One Who Was Never Put To “Good Character” Test
- by Murray Horton
We can’t conclude this historical examination of the “not of good character” issue without mentioning the most notorious one who got away, namely Tommy Suharto (or Tommy Klepto as we renamed him in Watchdog throughout the 1990s). Type his name/s into the excellent Site Search facility at www.cafca.org.nz to refresh your memory about him. For the most succinct summary of the view of him by the then Overseas Investment Commission (OIC) and its then head, Stephen Dawe, here is a short extract from Watchdog 107, December 2004 (it is part of an article I wrote about the Shania Twain high country purchases – see elsewhere in this issue for the latest on that subject).
“ As Bruce Ansley wrote in his Listener Shania Twain cover story (9/10/04): ‘…A new look for the land grab is overdue: the last one was dismal from the outset. It was tainted by Hutomo ‘Tommy’ Suharto, son of the Indonesian dictator. He bought Lilybank, a prime station at the head of Lake Tekapo. Even the limp strictures of the time required foreign purchasers to be of good character. Suharto was already a thug and a crook. He is now serving a 15 year sentence for a series of offences, including paying a hitman to murder a judge. Under Suharto management, huts were burnt, public access denied. Even in a regime that urges the OIC not to be so tough as to unbalance ‘a welcoming approach to investment’, few would defend the Lilybank decision now. ‘The (National) government was so keen to accommodate him’, says the High Country Accord’s chair, John Aubrey. ‘It was a disgrace’.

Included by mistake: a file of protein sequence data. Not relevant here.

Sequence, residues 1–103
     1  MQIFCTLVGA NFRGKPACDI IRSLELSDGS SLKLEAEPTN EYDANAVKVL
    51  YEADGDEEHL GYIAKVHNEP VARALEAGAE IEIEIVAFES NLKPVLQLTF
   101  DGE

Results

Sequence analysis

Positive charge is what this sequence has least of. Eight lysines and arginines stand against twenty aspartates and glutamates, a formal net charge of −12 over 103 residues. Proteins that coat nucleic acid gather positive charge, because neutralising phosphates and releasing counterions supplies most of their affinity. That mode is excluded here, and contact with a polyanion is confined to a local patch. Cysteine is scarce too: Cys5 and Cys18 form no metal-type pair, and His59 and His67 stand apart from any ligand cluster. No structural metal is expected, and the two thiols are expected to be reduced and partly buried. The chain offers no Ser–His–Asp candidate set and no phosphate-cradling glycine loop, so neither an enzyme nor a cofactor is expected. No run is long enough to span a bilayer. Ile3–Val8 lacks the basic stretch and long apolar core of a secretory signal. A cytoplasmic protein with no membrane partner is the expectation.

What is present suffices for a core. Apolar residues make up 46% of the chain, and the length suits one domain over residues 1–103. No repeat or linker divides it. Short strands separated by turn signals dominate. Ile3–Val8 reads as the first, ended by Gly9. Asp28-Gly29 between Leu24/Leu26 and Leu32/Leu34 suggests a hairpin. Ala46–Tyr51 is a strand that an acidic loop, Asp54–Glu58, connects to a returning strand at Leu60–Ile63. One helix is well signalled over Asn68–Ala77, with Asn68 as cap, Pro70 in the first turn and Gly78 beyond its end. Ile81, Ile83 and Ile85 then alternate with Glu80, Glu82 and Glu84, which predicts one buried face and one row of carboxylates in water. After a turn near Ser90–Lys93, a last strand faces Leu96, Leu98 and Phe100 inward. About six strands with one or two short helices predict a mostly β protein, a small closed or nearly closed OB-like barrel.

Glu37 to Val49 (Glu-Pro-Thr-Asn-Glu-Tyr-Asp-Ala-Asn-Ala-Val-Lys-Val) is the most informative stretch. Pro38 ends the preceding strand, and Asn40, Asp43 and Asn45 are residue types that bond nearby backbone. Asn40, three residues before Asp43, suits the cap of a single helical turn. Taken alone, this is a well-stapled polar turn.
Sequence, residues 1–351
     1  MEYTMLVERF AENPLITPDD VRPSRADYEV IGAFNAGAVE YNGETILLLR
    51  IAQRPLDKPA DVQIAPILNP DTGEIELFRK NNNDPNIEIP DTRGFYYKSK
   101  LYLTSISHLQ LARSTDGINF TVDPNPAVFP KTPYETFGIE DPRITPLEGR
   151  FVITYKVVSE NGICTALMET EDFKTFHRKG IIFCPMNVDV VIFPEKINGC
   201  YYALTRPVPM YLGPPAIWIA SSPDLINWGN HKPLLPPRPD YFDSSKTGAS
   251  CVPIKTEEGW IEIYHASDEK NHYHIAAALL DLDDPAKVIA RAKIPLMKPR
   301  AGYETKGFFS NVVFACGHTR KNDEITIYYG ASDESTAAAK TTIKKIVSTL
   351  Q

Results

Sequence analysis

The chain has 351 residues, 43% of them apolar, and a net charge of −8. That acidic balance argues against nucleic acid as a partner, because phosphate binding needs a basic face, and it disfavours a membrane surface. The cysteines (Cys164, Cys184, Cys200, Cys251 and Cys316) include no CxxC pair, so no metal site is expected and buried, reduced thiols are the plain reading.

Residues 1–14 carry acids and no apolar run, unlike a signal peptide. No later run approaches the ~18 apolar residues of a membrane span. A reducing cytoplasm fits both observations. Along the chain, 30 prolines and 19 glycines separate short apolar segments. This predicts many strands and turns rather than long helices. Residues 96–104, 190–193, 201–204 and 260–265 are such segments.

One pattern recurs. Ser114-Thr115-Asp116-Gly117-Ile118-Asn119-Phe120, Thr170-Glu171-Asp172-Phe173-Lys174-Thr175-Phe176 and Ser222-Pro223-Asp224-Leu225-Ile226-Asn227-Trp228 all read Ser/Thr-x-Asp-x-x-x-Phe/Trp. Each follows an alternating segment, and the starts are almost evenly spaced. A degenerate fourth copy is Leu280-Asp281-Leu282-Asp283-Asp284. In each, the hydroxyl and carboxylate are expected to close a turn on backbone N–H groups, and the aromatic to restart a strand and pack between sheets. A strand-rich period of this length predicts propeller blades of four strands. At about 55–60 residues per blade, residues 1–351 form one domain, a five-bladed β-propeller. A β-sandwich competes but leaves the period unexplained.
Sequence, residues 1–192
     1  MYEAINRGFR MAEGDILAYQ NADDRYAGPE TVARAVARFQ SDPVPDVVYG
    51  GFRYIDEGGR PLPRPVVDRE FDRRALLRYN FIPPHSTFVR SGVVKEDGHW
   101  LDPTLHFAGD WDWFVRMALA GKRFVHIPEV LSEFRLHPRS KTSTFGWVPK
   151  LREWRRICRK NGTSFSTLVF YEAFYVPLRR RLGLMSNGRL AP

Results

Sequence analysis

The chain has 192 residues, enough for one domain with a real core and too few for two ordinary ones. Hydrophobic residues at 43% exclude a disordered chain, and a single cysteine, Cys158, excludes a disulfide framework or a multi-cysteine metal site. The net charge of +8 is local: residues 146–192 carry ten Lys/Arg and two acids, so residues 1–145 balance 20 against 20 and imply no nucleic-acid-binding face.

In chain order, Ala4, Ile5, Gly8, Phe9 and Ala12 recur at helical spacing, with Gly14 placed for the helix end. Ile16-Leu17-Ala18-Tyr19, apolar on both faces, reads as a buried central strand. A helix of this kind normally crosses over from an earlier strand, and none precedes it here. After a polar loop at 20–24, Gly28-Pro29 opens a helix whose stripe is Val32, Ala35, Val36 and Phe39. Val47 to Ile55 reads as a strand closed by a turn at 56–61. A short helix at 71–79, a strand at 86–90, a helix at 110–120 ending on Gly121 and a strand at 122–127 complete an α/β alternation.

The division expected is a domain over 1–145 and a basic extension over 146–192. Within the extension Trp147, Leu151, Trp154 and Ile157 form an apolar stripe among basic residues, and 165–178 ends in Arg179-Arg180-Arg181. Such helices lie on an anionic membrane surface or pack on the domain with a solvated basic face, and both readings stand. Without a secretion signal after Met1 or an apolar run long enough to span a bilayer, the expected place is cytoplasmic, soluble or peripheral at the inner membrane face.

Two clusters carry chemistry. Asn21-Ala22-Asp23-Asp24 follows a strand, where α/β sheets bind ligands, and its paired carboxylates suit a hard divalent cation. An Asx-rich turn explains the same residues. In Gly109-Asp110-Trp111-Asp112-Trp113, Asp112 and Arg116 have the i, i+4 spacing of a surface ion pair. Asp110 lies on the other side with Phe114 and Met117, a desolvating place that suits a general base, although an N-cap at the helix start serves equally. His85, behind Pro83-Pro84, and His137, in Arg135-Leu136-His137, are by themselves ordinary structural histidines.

“The OIC’s head Daweman was having none of that. He promptly wrote to the Listener (30/10/04; ‘Foreign Owners’): ‘…This is wrong in two respects. First, there was not a required good character test when Tommy Suharto bought Lilybank in 1992. The good character requirement was introduced in March 1994. Second, the convictions of Suharto that may have questioned his good character did not occur until significantly after these dates. The OIC has explained this often to many in the media, including the Listener, in an unpublished letter submitted after an earlier article. The OIC has also explained it publicly to the Finance and Expenditure Committee and its explanation forms part of the public record of those meetings…’. Touchy, touchy. Note that Dawe said that Tommy’s convictions, including arranging a contract murder of a judge, only ‘may have questioned his good character’. Based on that, we’d hate to meet someone that the OIC thought might actually be of bad character”.
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